Plug and Play on the way to downtown Miami, as part of MANA Common

Plug and Play, one of the world’s largest accelerator and innovation companies, will be coming to downtown Miami’s Flagler District as part of the new MANA Common, the massive project being undertaken by developer and entrepreneur Moishe Mana and envisioned as Miami’s hub for tech.
“Miami has always had the components to make it a global technology hub. Now that remote work has allowed tech workers and founders to live nearly anywhere, we’re seeing acceleration of Miami’s emergence as a leading city for tech,” said Mana, in a statement announcing the new partnership.
Plug and Play, headquartered in Silicon Valley,  already has offices in 40 cities globally, including Paris, Shanghai, Tokyo, Madrid, Sao Paulo and Chicago, but the Miami office will be the first location in the Southeastern US.
Plug and Play will be located within MANA Common, which ultimately could encompass more than 50 properties in the Flagler District that Moishe Mana has acquired  over the last six years. The first phases of the  large-scale redevelopment project will begin this year.

Plug and Play runs industry-themed accelerator programs and is a large venture investor, but it is most known for its work connecting innovative startups with corporations to drive faster innovation, investment and collaborative partnerships. In Miami, that’s a gap that needs to be filled, said Michelle Abbs, managing director of Mana Tech.
“What’s really unique about the Plug and Play model is it truly is the bridge between the corporate world and the startup world,” said Abbs, who joined Mana Tech last year. “I have observed — and this was verified in multiple conversations with other stakeholders in Miami — that we don’t have that strong of a connection between those two groups right now. Plug and Play has such a track record of success of connecting those two stakeholders and then allowing the pilot programs that are developed within the accelerator model to push forward.”
Beyond the innovative business model and strong track record, Abbs said, Plug and Play’s international reach, including in Latin America, is also key as the region looks to attract more international startups.
While this is the first announcement of a big tech player locating in MANA Common, other announcements will follow, Abbs said. The vision is to have multiple high-quality startup programs clustered together in the Flagler District, in close proximity to larger tech companies, startups and investors.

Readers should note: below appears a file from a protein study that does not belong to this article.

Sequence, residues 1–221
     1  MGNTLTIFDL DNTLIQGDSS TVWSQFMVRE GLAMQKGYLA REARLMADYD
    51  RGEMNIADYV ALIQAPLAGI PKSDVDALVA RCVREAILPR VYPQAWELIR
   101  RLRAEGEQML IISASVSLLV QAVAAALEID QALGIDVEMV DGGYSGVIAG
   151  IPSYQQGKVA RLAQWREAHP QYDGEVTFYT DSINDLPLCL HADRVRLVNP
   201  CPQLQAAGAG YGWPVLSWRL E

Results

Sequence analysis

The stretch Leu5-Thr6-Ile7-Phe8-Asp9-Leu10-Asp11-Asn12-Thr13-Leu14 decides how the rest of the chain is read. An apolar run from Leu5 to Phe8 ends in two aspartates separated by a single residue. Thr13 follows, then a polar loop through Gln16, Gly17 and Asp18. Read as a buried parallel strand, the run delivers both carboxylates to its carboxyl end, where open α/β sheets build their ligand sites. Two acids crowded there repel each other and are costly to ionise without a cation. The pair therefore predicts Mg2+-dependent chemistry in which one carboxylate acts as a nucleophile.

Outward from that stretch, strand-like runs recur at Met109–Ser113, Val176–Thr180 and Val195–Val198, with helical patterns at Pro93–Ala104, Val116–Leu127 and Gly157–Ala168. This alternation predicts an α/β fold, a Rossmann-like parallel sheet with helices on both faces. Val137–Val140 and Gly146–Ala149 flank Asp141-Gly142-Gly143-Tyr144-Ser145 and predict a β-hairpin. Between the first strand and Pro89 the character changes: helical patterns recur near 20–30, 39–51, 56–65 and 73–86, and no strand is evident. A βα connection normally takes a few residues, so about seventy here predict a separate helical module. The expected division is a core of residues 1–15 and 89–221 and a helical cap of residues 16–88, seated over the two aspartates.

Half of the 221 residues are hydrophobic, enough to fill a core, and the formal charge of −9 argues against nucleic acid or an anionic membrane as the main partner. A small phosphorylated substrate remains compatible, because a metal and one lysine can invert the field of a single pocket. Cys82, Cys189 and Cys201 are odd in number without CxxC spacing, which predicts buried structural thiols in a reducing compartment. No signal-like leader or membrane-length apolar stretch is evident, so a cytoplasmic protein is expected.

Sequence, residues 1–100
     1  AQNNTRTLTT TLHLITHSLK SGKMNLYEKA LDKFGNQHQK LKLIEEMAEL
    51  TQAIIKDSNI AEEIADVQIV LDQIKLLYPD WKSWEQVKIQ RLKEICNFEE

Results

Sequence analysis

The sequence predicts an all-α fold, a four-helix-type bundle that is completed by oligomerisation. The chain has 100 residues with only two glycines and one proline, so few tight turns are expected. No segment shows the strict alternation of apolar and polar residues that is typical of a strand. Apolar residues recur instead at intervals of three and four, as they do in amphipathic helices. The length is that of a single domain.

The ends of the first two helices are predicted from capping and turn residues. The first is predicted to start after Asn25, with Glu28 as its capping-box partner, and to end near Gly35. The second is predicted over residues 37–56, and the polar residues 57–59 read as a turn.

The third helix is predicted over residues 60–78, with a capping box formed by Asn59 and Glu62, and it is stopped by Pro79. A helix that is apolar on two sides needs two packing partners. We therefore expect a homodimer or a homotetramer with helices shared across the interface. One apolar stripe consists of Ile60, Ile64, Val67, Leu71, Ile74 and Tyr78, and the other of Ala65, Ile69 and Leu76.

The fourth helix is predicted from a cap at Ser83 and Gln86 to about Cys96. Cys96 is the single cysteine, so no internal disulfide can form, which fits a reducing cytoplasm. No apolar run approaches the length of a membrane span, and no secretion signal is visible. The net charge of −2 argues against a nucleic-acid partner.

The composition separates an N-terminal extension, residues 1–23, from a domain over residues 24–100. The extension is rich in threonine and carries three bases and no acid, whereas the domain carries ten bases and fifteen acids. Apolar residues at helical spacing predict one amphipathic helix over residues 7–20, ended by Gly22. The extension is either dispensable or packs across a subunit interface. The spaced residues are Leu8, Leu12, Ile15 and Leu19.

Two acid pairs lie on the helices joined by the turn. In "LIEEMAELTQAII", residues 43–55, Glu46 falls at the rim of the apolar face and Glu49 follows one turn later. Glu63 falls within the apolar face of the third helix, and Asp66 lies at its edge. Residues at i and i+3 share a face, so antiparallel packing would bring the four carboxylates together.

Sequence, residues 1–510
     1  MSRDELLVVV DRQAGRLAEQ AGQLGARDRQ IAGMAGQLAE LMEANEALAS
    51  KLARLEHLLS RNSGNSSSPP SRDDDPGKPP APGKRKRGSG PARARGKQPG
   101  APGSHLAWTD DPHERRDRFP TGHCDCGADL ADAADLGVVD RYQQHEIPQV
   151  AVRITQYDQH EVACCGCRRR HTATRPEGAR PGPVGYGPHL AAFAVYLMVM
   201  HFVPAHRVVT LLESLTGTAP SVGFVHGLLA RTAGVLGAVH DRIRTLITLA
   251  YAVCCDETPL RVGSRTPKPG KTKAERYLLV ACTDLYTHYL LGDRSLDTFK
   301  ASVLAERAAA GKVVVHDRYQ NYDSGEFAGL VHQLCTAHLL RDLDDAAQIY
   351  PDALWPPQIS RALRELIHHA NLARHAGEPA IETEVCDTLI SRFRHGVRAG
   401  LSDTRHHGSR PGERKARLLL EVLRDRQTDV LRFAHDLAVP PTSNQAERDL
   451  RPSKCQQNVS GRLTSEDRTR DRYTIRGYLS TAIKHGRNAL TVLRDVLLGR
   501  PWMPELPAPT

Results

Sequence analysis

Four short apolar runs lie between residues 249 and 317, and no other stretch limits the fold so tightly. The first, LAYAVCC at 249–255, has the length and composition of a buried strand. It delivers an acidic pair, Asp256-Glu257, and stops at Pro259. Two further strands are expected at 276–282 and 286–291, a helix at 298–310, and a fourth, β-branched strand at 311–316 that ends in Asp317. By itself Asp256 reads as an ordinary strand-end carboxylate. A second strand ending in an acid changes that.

An artist’s rendering of part of MANA Common.

Plug and Play Miami will offer business development opportunities, mentorship and networking for startups, investors and corporations. Twice per year, the founding corporations will choose 10 to 15 startups to benefit from these opportunities as part of cohorts.
Mana Common will co-host a virtual kickoff event with Plug and Play on Feb. 16 in order to explain the program and gather interest from initial founding corporate partners that will jointly work on the program. The event, which will include Miami Mayor Francis Suarez, Miami-Dade Mayor Daniela Levine Cava and other community partners, will be open to the public and  is  accessible here.  
Large industry players are also encouraged to schedule a call here with Jackie Hernandez, SVP at Plug and Play, to learn more about becoming a partner.
After the kickoff event, the selected founding partners for the Miami program will participate in a roundtable event to finalize topics for the program.
Globally, Plug and Play has over 30,000 startups and 400 official corporate partners already in its network. Companies in its global community have raised over $9 billion in funding.
“We look forward to being a part of the growing tech community in Miami. Our partners will bring their knowledge, expertise, and experience to help our startups grow,” said Saeed Amidi, founder and CEO of Plug and Play, who is scheduled to be at the event in February. “Connecting these key stakeholders and industry experts will expedite the digital and cultural transformation in a location ripe for explosive growth.”
READ MORE: Q&A with Michelle Abbs of Mana Tech: Why Miami’s tech hub should be downtown  
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Nancy Dahlberg